How to Talk with Someone Who Has PTSD

July 31, 2017 Tia Hollowood

When someone who has PTSD opens up to you, it's not easy to know what to say or do. Here are some ways to react that will help you support someone with PTSD.

When someone who has posttraumatic stress disorder (PTSD) tells you about the illness, she also entrusts you with an important piece of her life. For most people, having PTSD is not something that pops up in casual conversation. Even for someone who has PTSD who is ready to talk about their experience fears the possible unsupportive response. I'm convinced that in most situations, people simply don't know how to react to PTSD disclosures, and are reluctant to ask. Here is what I'd like everyone to about talking with someone who has PTSD.

Common Mistakes When Talking with Someone Who Has PTSD

Let's imagine you just learned from someone she has PTSD. Perhaps you're uncomfortable with this new information. You may envision hearing details about their trauma that you don't want to know. This might completely change how you see the person confiding in you. You might even think that you should be embarrassed for the one with PTSD. I have encountered all of these responses. To be frank, they are all emotional responses that come from a lack of education and understanding about PTSD.

How to Support Someone Who Has PTSD When She Discloses

When someone decides to tell you about her PTSD, here are some ideas that will help you react in a supportive manner, address your concerns and learn more about how to maintain your relationship in light of this new information.

First of all, don't change the subject. Now is an opportunity to explain that you do not know much about PTSD and that you are not sure how to respond.

Ask how you can best support her considering this new information. Here are some good questions to ask:

It is also a good time to share any concerns regarding reactions you might be worried about experiencing. For example, if I am speaking with someone who has experienced the same type of trauma as I have, I let her know that I cannot discuss details of her experience as the details could trigger my PTSD.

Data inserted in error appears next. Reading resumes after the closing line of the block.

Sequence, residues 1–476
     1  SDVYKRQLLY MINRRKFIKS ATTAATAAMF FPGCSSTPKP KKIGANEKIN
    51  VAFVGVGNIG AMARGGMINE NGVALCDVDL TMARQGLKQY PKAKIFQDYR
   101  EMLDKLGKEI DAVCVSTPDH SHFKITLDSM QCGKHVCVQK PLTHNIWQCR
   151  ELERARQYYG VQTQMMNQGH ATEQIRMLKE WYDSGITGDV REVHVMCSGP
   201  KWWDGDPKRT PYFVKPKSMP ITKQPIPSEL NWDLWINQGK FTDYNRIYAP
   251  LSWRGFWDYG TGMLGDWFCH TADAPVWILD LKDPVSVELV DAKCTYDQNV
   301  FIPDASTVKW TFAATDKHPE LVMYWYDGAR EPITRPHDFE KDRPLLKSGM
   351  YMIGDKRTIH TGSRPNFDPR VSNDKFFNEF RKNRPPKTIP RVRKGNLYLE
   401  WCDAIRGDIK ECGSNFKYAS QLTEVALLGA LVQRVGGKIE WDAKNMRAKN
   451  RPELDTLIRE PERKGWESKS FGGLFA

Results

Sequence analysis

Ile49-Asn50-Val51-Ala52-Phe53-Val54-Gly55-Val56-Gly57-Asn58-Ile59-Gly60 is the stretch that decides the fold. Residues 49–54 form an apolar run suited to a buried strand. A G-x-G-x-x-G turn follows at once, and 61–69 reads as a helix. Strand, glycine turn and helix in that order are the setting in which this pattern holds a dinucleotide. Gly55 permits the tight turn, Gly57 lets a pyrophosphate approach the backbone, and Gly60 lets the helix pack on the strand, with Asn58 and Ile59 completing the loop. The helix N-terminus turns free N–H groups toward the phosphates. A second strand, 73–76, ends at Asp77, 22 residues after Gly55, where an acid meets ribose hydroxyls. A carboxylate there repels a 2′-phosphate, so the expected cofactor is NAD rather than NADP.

With a little discussion and honesty, knowing that someone has PTSD quickly becomes just one more piece of who they are and lays the groundwork for building an even stronger relationship.

Is there something you've always wondered about PTSD or wanted other people to know? Please share your thoughts in the comments section.

APA Reference
Hollowood, T. (2017, July 31). How to Talk with Someone Who Has PTSD, HealthyPlace. Retrieved on 2024, July 15 from

Author: Tia Hollowood

Join Tia on Twitter, Facebook, Google+ and her blog.

August, 10 2017 at 7:32 pm

Before my ex fiance and I began a serious relationship I sat him down and told him about my PTSD. After we became engaged he purposely did things that would trigger my PTSD like yelling at his children in our bedroom while I was asleep, slamming doors, constant abuse towards me and crazy making. It took a serious accident for me to wake up and get me out of there but I finally got out of there. Thank you Lord Jesus!

In reply to by Anonymous (not verified)

August, 16 2017 at 3:39 pm

As I'm sorry that you placed your trust in someone who then abused it. That's simply unacceptable behavior on his part.

August, 21 2017 at 7:57 am

Same happens to me every time.
I keep my PTSD in the closet. Only way to survive.

Haley Mary
May, 16 2019 at 8:09 pm

I have ptsd from a bad experience on youtube when one of my subscribers hit on me in a comment in 2008 and then attempted to coerce me through a video. I'm abstinent and was also virgin shamed a lot. Later on this same subscriber pwned another youtuber using a video without the permission of another woman in 2009. The youtube atheist community lashed back and kicked the guy off the site. I get triggered if someone at a comedy or open mic night makes a lewd comment or lewd joke. I got asked to a movie by a guy who I liked last spring and their friend made a joke about my inexperience and it made me feel uncomfortable and triggered my symptoms of fear, I freeze, can't speak, then feel afraid. After open mic, this guy who I had liked I told him what was said made me feel uncomfortable, he told me not to take things so personally and drove me home and then took off before I could get inside the house. I don't live in the safest neighborhood. I haven't gone out with anyone since then and that was March of last year (2018). I find it really difficult to trust men.

Leave a reply